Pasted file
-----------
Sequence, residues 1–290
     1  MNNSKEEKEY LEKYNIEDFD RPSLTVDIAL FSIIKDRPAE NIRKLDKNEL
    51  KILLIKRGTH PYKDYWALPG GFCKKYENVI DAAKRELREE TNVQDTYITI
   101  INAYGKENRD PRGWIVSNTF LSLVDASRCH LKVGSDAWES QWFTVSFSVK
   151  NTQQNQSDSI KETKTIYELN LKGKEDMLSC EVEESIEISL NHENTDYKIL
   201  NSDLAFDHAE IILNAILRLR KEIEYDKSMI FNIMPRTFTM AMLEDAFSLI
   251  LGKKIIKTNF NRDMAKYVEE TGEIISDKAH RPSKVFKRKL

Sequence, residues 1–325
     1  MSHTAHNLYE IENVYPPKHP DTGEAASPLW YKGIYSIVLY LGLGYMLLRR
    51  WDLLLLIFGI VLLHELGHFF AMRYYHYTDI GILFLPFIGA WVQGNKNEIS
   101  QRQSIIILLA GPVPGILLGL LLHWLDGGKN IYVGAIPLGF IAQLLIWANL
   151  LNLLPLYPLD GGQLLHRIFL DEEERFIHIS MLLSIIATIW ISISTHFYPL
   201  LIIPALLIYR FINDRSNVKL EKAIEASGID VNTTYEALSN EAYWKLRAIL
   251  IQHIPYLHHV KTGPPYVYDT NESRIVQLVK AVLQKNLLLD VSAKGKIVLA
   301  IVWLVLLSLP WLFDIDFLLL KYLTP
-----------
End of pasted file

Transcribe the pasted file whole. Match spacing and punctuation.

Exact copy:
Sequence, residues 1–290
     1  MNNSKEEKEY LEKYNIEDFD RPSLTVDIAL FSIIKDRPAE NIRKLDKNEL
    51  KILLIKRGTH PYKDYWALPG GFCKKYENVI DAAKRELREE TNVQDTYITI
   101  INAYGKENRD PRGWIVSNTF LSLVDASRCH LKVGSDAWES QWFTVSFSVK
   151  NTQQNQSDSI KETKTIYELN LKGKEDMLSC EVEESIEISL NHENTDYKIL
   201  NSDLAFDHAE IILNAILRLR KEIEYDKSMI FNIMPRTFTM AMLEDAFSLI
   251  LGKKIIKTNF NRDMAKYVEE TGEIISDKAH RPSKVFKRKL

Sequence, residues 1–325
     1  MSHTAHNLYE IENVYPPKHP DTGEAASPLW YKGIYSIVLY LGLGYMLLRR
    51  WDLLLLIFGI VLLHELGHFF AMRYYHYTDI GILFLPFIGA WVQGNKNEIS
   101  QRQSIIILLA GPVPGILLGL LLHWLDGGKN IYVGAIPLGF IAQLLIWANL
   151  LNLLPLYPLD GGQLLHRIFL DEEERFIHIS MLLSIIATIW ISISTHFYPL
   201  LIIPALLIYR FINDRSNVKL EKAIEASGID VNTTYEALSN EAYWKLRAIL
   251  IQHIPYLHHV KTGPPYVYDT NESRIVQLVK AVLQKNLLLD VSAKGKIVLA
   301  IVWLVLLSLP WLFDIDFLLL KYLTP